Hashtag Hatred! Hey readers! Welcome to the first blog post of 2018! Now I’ve had the idea for this blog for AGES.... I’ve just had this terrible combo of being very busy yet very lazy simultaneously and I apologize YET AGAIN for the lack of blogs. One of these days I’ll get that consistency thing down. But…(in the voice of Aragorn)…today is not that day!
So, today I wanted to write about something I GUARANTEE you have seen or come into contact with if you are either a streamer yourself or you follow any streamers on Twitter. Twitter is the main tool tons of streamers use to communicate with their audience when they are off-line, and how they announce when they are going live. Now anyone who has been on social media for more than a few days knows that you need to use hash-tags to make your post easier to find (and just not look like a noob).
Some good ideas for hashtags to use are hashtags that belong to any stream teams or groups you are a part of, maybe the game you’re playing, or any personal hashtags (I for example have my channel theme as a hashtag that I use all the time because I’m vain like that). HOWEVER there are a few popular hashtags for streamers on Twitter that personally irritate me to the point that if I see them on your tweet I can assure you I would not click on the link to your channel. I also know that I am not alone in my feelings, I have been seeing lots of streamers sharing similar sentiments, from small streamers to partners alike. So here are some hashtags you may want to re-think next time you’re tempted to use them, and why.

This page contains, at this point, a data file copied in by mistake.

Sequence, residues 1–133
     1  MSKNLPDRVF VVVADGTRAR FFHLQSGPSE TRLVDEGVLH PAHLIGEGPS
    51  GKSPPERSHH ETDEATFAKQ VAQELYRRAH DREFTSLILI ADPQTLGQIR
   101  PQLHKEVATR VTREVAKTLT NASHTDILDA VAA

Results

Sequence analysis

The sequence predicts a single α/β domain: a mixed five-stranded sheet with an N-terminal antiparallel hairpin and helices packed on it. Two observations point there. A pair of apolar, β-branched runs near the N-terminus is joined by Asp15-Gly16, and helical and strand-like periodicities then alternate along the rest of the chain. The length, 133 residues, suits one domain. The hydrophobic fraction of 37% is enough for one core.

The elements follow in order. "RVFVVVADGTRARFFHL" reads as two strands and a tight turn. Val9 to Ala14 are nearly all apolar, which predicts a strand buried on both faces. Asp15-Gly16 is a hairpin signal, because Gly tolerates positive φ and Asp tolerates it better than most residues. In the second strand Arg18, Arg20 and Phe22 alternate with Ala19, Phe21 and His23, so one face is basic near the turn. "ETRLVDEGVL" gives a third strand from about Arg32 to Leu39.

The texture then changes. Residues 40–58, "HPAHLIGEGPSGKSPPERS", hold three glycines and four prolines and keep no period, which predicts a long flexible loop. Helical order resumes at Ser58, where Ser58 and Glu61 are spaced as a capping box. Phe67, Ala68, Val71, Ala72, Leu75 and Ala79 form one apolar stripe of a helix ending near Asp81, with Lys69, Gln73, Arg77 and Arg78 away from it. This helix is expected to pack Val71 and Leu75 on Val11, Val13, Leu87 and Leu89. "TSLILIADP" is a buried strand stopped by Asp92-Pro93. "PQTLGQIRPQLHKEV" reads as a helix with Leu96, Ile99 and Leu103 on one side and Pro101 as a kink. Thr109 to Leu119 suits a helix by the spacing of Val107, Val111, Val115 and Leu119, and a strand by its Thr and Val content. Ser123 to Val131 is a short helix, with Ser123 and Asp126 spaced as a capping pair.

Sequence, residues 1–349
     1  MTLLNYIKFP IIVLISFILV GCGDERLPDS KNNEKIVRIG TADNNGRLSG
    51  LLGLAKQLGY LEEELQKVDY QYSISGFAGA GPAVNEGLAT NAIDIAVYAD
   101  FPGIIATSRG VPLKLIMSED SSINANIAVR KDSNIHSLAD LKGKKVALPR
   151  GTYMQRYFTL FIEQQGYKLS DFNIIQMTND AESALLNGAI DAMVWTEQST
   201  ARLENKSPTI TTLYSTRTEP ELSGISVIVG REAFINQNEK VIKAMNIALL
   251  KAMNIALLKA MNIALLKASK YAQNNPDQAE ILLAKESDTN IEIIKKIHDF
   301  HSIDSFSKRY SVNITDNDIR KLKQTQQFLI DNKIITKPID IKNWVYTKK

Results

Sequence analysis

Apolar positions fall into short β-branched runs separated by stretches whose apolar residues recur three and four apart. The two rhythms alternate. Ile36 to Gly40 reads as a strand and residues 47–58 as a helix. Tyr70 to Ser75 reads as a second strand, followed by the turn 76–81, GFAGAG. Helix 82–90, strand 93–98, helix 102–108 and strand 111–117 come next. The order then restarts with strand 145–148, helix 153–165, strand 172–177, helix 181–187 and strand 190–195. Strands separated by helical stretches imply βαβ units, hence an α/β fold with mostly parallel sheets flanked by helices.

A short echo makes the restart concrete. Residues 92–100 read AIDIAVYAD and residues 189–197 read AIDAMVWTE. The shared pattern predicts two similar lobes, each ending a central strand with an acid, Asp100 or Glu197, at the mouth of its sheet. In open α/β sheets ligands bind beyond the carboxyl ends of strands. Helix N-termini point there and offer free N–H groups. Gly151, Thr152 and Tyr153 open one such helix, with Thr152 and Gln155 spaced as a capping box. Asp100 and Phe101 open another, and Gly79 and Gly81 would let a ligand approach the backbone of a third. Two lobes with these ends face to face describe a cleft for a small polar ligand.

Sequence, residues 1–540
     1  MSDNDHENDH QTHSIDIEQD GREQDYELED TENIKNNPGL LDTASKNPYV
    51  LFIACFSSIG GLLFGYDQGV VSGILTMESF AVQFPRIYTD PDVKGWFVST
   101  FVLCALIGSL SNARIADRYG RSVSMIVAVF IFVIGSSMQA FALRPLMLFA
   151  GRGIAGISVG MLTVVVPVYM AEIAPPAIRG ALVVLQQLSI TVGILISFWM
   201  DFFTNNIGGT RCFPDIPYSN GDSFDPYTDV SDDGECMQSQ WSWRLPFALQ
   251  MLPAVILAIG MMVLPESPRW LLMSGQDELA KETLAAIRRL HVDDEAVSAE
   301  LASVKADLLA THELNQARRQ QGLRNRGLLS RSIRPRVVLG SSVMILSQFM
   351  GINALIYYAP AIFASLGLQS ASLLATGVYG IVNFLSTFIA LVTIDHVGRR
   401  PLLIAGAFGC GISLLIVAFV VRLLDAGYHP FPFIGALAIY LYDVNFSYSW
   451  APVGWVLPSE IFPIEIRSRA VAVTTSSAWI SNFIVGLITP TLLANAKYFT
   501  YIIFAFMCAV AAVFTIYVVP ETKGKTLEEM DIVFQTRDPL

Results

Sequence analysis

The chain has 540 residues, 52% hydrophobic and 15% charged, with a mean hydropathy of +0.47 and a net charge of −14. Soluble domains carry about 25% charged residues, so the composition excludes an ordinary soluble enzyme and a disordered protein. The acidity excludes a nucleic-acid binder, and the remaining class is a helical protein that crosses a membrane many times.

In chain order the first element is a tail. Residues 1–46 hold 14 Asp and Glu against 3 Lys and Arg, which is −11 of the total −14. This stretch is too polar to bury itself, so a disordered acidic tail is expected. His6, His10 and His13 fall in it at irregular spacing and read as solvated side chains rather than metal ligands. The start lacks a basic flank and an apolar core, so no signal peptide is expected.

Before you get mad and ready to defend this hashtag in the comments, I understand the sentiment behind it. In my first year of streaming I also was guilty of using this hashtag, I’m not going to lie. However, if you stop to think about it, what are you actually saying with that hashtag? Reasons to support a streamer are you enjoy their content, they make you laugh or smile or inspire you with their gameplay, you like the vibe of their community, etc. Their size has nothing to do with it. You are not ENTITLED to support just because you are not partnered yet, but that’s basically what you are asking for. It’s the equivalent of begging, implying people should take pity on you and watch your stream just because you’re the little guy regardless of your content.
The other reason you use hashtags is for people to find your post. You are playing Overwatch, so you use the game title as a hashtag in case any people who enjoy Overwatch streams are looking for someone to watch. Then you just hope that in the chronological lottery your tweet is the most recent one when they are searching. As Twitch gains more and more broadcasters every day and becomes a more saturated market, take a second and think how many streamers are using this hashtag every day. It’s like a 1 in 1000 chance your particular tweet will be picked from the sea of small streamers.